Blogging – Once you join the SQL community on Twitter the next thing you see are people tweeting about their newest blog posts. The information you can glean from blog posts is limitless. I knew my time was finite, but I wanted to give back to the community all the information they have given me. It was ultimately Brent Ozar (Blog|Twitter) with his post on “How to Start a Blog” that had me sold. I also suggest using Google Reader to subscribe to your favorite bloggers and keep track of their latest work.
SQLSAT #35 – The NTSSUG began talking about holding its first SQLSaturday and I am so excited about SQL technology and the SQL community that I jumped right in, feet first. I took care of organizing all of the volunteers as well as coordinating everything with our sponsors and their benefits for sponsoring the event. You can read more about my involvement in this event HERE…HERE…and HERE
Board of Directors – At this point I’ve been riding on the SQLSaturday high (what other kind is there?) for months and I wanted more. The NTSSUG group had a position open for election on their board of directors, so I went for it and won the election! I absolutely love serving on the BoD. There is nothing more rewarding than serving the SQL community and serving your local user group is a great way to do it.
Speaking – Twitter and blogging are great ways to share your knowledge and help others, but speaking is a whole other avenue of interaction. My first time to speak was at our local user group and on sqllunch.com. I’ve spoken before and taught a few classes, but it was always internally to the company. You can find the materials here for my “Mirroring: The Bear Necessities” presentation and you can view the recorded webcast on sqllunch.com HERE.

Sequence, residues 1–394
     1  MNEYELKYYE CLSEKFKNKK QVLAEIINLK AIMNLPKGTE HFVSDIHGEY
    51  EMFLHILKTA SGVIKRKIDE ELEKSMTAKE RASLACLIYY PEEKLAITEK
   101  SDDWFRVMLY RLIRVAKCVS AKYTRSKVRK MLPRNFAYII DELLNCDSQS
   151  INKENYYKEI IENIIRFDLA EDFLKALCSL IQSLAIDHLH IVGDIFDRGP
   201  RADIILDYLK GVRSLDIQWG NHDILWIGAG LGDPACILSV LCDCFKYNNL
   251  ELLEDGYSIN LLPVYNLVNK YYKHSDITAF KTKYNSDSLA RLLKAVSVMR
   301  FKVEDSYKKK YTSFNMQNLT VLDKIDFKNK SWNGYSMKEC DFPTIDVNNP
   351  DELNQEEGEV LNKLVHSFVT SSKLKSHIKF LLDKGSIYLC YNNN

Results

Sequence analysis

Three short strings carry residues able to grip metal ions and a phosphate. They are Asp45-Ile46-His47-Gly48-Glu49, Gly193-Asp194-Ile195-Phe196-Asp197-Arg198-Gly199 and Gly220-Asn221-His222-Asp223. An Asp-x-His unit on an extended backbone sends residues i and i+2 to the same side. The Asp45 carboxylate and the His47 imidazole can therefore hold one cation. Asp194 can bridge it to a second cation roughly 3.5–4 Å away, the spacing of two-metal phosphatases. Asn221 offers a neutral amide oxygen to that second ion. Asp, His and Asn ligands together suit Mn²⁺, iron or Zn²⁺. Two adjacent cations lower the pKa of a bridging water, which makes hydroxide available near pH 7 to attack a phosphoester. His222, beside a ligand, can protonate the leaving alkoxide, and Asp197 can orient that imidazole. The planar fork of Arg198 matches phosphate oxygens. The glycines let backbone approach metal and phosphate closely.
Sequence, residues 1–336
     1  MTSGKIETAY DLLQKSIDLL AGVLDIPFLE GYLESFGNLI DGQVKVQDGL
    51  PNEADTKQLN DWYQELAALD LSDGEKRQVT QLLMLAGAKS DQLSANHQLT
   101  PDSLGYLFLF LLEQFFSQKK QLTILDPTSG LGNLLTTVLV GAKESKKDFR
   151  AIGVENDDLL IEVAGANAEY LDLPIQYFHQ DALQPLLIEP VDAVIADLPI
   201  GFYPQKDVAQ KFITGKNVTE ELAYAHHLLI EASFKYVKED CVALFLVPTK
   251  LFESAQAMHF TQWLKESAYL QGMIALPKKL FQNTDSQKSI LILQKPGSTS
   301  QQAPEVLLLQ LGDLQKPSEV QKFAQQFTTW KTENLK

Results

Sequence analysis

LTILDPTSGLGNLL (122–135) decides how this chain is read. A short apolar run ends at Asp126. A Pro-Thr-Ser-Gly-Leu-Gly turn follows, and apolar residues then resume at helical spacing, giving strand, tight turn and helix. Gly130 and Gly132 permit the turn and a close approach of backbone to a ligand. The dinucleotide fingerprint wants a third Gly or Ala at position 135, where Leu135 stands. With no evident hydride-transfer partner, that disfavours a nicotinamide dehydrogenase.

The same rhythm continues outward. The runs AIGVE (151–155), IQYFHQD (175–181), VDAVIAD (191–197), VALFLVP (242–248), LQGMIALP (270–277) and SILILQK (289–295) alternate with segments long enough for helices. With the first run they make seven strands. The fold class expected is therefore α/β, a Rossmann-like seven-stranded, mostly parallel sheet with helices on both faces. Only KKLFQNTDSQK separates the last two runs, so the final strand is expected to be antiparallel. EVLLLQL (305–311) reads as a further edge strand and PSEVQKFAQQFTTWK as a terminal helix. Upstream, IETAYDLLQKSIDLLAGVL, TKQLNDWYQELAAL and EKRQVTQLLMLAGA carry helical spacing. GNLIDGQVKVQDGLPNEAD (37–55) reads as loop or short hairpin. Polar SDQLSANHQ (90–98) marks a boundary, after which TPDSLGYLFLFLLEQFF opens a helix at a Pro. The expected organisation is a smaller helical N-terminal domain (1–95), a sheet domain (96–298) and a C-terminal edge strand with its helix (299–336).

SQLSat #56 - The NTSSUG decided to have a second SQLSaturday focused on Business Intelligence a mere 5 months after the previous SQLSaturday. Again I was a core organizer and we had a great event. You can read my re-cap HERE.
SQLSat #57 – The Houston Texas user group is hosting a SQLSaturday in January 2011. Several of these folks attended the SQLSaturday in Dallas and I was very fortunate to meet this great group of folks. This is their first SQLSaturday so I volunteered to help them out where I could. I plan to be at this event early to help where I can, but so far I have been helping them with their sponsorship process. In addition, I have also submitted to speak at this event and my fingers are still crossed.
SQLSat #63 – The NTSSUG has already set the date for our next SQLSaturday and it will be our third in less than a year! I am a core organizer and plan to again handle the sponsor side of things. It was a bit much for me to take on the sponsors and volunteers last year because those responsibilities overlap in the morning, so I more than likely will not handle the volunteer side of things this time around. Again I have also submitted to speak at this event as well.
The Curtain Call
Well there is no curtain call for this play, because it will continue on as I learn, hone my skills, and increase my involvement in the SQL community beyond what I have already done. This blog will continue to serve as my documenter of this journey. It’s been a long road starting from the bottom, working my way up to a senior guy at a fortune 100 company, and transitioning my career to become a DBA. Although this road has been full of layoffs, outsourcing, and stagnant pay I’m proud of what I have accomplished and where I am. I’m an over-achiever by nature so my sights are already set on the goals to come.